Case (v) (h∗ (d, p) = ∞ for d ≥ 2, p ≥ 3 and (d, p) = (2, 3)) It follows directly from Theorem 2.1.2(v) and Observation 2.3.12.

B.2 Some useful deﬁnitions and lemmas In order to prove cases (iii) and (iv) we need to give several deﬁnitions.

Deﬁnition B.2.1 Let B be a ﬁnite family of axis-parallel compact rectangles in the plane.

–  –  –

• Suppose B is 2-pierceable and let B ⊆ B. Let (c1, c2 ) ∈ I 4 be a feasible 2-piercing vector of B. We R say that (c1, c2 ) is a solution of type I and that B is type I 2-pierceable, if one of c1, c2 pierces both bT (B ) and bR (B ). Otherwise we say that (c1, c2 ) is a solution of type II and that B is type II 2pierceable. A ﬁnite set of compact rectangles is 2-pierceable if either it is type I 2-pierceable or type II 2-pierceable or both. We note that a ﬁnite set of compact rectangles may be 2-pierceable and not type I (type II) 2-pierceable, respectively. We let c2I (B ) (c2II (B )) denote the lexicographically smallest solution of the type I (type II) 2-piercing problem on B, if one exists, and ∞ otherwise, respectively.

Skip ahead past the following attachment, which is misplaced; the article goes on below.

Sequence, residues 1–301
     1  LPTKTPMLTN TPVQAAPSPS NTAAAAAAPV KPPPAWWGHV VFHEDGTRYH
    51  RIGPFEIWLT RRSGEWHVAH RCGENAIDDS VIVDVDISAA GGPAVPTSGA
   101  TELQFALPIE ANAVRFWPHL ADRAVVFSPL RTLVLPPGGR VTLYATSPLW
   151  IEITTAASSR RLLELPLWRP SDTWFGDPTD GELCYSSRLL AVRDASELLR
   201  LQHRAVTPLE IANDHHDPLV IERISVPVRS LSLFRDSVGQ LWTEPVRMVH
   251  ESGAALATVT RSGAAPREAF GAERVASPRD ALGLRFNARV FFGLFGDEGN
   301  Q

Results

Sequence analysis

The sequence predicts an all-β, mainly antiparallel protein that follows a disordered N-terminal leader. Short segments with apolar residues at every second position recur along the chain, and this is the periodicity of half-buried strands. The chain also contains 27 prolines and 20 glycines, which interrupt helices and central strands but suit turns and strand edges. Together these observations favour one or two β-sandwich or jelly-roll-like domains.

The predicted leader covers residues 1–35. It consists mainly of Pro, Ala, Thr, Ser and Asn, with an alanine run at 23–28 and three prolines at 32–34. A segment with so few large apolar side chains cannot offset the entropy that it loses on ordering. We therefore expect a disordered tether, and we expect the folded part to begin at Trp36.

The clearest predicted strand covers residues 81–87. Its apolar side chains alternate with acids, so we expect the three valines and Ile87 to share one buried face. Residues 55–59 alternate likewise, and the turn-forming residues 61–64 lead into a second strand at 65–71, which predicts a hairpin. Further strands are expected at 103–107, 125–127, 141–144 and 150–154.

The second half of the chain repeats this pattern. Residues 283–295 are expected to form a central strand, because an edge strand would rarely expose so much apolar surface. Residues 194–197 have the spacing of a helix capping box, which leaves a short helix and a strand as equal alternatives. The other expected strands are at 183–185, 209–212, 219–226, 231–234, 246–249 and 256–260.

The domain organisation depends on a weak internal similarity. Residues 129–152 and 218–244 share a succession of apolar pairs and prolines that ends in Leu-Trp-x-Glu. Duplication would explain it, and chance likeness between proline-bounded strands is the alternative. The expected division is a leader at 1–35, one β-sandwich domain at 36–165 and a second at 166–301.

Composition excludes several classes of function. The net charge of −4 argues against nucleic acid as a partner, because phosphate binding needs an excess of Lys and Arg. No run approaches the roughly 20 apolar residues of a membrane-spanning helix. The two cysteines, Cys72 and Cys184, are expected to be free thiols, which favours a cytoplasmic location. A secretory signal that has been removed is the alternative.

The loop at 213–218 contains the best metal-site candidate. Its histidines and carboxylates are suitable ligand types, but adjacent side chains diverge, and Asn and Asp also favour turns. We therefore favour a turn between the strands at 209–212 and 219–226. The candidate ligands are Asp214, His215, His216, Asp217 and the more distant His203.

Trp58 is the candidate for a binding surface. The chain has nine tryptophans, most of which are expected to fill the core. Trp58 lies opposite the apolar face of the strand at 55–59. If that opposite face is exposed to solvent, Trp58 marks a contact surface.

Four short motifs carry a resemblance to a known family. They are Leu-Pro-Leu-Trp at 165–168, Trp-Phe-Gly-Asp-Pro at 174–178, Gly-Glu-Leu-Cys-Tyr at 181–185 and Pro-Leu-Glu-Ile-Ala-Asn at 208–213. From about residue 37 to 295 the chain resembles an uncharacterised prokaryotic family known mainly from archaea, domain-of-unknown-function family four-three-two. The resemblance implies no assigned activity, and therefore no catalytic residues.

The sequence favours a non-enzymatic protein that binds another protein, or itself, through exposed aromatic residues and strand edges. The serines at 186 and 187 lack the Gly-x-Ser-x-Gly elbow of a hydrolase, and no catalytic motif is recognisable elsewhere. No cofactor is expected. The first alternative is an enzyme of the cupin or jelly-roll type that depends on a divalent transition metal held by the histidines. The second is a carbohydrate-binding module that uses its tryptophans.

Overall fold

Pages:     | 1 |   ...   | 21 | 22 || 24 | 25 |   ...   | 27 |

Similar works:

«Transition Regime Collisions in Aerosols A DISSERTATION SUBMITTED TO THE FACULTY OF UNIVERSITY OF MINNESOTA BY Ranganathan Gopalakrishnan IN PARTIAL FULFILLMENT OF THE REQUIREMENTS FOR THE DEGREE OF DOCTOR OF PHILOSOPHY Professor Christopher J. Hogan Jr. Professor Peter H. McMurry August 2013 © Ranganathan Gopalakrishnan 2013 Acknowledgements None of this would have been possible sans the support and guidance of my advisers Professors Chris Hogan and Peter McMurry. They have helped this kid...»

«Essays on Space-Time Interaction Tests by Nicholas Malizia A Dissertation Presented in Partial Fulﬁllment of the Requirements for the Degree Doctor of Philosophy Approved March 2013 by the Graduate Supervisory Committee: Luc Anselin, Chair Alan Murray Sergio Rey ARIZONA STATE UNIVERSITY May 2013 ABSTRACT Researchers across a variety of ﬁelds are often interested in determining if data are of a random nature or if they exhibit patterning which may be the result of some alternative and...»

«Copyright by Nigel Charles Andrew Pitman A LARGE-SCALE INVENTORY OF TWO AMAZONIAN TREE COMMUNITIES by Nigel Charles Andrew Pitman Department of Botany Duke University Date: Approved: _ John W. Terborgh, Supervisor _ _ _ _ Dissertation submitted in partial fulfillment of the requirements for the degree of Doctor of Philosophy in the Department of Botany in the Graduate School of Duke University ii ABSTRACT (Ecology-Community) A LARGE-SCALE INVENTORY OF TWO AMAZONIAN TREE COMMUNITIES by Nigel...»